What is clear is that the operation of s. 44(i) allows the laws of other countries to create dual citizenships without the knowledge or consent of Australian citizens, or any active steps being taken by Australian citizens to accept that conferral of citizenship. Section 44 creates an ongoing cloud of uncertainty over those who have parents, grandparents or spouses born overseas. This cloud also covers those who do not have documentation about their family, including Indigenous Australians.
Because foreign citizenship laws can and do change, the evidence before the Committee suggests that only those with documented generations of wholly Australian forebears can be completely assured of their citizenship status for the duration of their parliamentary term. This creates two classes of Australian citizens for the purposes of engaging in representative democracy. The Committee considers that this is an unacceptable situation for Australian democracy.
These concerns can be overcome by properly drafted legislation, under the auspices of s. 34, following public consultation. If Australians decide that dual citizenship is not suitable for federal Parliamentarians, then legislation can ensure that the barrier placed by the qualification is on election not nomination, is not unreasonable, and can specifically allow for difficult or unusual situations. If it is decided that dual citizenship is not a barrier, then future legislation can set out sensible alternative ways of ensuring allegiance. Ultimately it is about ensuring allegiance –and not about citizenship alone.

Financial conflicts of interest

The Committee agrees with the principle that a Parliamentarian must make decisions free from consideration of her or his own financial benefit. Parliament is both an oversight and a check on the power of the executive government. It is important that Parliamentarians are not doing business with the executive and are not in its paid employment.
However the current provision requires any government employee–state, federal or local–to leave their job at the time of nominating for election. It also requires anyone who was unsuccessful for the Senate to decline government employment for the time they may be called upon to fill a vacancy in the Senate. For most Australians, denying themselves access to any public sector employment for up to six years is unreasonable and unfair.
The complexity and scale of Commonwealth government economic interests in 2017 were not foreseeable to the drafters of the Constitution in 1901. The Committee considers that modern legislation is needed, clearly setting out what are and are not acceptable pecuniary interests, to ensure the financial integrity of federal Parliamentarians. The Committee considers that this will give crucial guidance and certainty.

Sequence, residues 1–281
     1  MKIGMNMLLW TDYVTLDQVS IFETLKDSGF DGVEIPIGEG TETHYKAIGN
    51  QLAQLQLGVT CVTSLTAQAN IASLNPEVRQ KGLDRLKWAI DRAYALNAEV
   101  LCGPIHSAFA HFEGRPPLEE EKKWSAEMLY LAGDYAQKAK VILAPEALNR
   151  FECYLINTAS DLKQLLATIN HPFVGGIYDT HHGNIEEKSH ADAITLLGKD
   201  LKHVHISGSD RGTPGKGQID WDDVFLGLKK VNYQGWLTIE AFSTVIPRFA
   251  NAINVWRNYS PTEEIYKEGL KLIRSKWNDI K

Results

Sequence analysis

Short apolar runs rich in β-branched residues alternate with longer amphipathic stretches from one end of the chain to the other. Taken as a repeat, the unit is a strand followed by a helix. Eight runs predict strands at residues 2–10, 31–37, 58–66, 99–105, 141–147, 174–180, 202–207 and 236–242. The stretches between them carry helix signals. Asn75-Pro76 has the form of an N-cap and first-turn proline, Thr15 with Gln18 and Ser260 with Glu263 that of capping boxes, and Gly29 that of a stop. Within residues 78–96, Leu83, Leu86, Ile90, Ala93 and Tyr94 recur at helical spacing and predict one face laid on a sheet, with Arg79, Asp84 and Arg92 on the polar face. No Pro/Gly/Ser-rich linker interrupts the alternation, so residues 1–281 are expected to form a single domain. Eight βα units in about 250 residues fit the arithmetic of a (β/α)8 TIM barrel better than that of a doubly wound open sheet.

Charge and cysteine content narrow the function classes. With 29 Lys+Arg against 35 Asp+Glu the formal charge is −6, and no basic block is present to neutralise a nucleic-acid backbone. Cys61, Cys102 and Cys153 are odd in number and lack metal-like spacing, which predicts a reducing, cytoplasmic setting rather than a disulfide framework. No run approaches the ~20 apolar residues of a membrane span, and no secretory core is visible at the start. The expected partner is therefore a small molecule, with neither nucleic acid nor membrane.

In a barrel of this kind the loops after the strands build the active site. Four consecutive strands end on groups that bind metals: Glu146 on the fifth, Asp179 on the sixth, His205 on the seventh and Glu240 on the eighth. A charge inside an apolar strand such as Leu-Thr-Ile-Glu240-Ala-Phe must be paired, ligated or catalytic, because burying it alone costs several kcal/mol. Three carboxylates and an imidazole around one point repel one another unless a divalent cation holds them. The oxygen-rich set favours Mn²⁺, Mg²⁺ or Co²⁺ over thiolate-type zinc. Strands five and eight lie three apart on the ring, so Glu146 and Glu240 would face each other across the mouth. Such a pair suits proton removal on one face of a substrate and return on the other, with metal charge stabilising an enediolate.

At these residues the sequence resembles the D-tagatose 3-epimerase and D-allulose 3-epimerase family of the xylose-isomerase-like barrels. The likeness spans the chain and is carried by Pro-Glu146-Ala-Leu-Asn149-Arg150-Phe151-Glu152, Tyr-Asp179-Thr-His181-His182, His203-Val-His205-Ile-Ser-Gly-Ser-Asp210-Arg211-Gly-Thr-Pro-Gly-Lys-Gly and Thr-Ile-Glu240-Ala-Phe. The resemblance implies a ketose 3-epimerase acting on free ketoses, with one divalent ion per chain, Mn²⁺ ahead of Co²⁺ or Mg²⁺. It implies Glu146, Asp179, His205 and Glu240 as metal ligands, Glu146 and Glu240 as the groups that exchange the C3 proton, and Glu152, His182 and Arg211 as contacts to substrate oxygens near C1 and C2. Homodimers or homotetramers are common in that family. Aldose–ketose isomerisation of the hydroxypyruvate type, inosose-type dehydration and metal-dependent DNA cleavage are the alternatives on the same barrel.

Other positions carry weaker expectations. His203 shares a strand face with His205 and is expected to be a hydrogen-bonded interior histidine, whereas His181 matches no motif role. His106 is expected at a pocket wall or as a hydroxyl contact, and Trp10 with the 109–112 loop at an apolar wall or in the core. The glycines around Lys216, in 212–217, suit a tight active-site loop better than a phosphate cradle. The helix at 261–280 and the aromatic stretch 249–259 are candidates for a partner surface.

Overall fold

The Committee is also of the view that the requirement to divest a financial conflict of interest should be at a later point, such as the time of swearing in to Parliament, rather than at nomination. This would continue to prevent financial conflict of interest while elected; but would allow government employees or business owners to contest an election without unnecessarily rearranging their affairs.
Moving the qualification time would also remove any problems caused by potential disqualification of unsuccessful candidates. The Committee was concerned to hear evidence that a successful qualified candidate may have his or her election challenged on the grounds that preferences had come to that candidate from an unsuccessful unqualified candidate. Moving the qualification point from the point of nomination would mean there is no such thing as a ‘disqualified’ candidate, avoiding uncertainty and confusion.
Again, the Committee believes that this can be dealt with by further Parliamentary debate under s. 34.

Requirement for constitutional change

After carefully considering the issues, the Committee believes that there is no viable alternative other than amending the Constitution. The Committee considers that the most straightforward and effective way to address the issues identified by this inquiry into s. 44 is by repealing ss. 44 and 45, or by inserting the words ‘Until the Parliament otherwise provides’ into both sections. This would leave the Parliament to enact legislation–that reflects modern community standards–governing both qualifications and disqualifications for Federal Parliament, under s. 34 of the Constitution.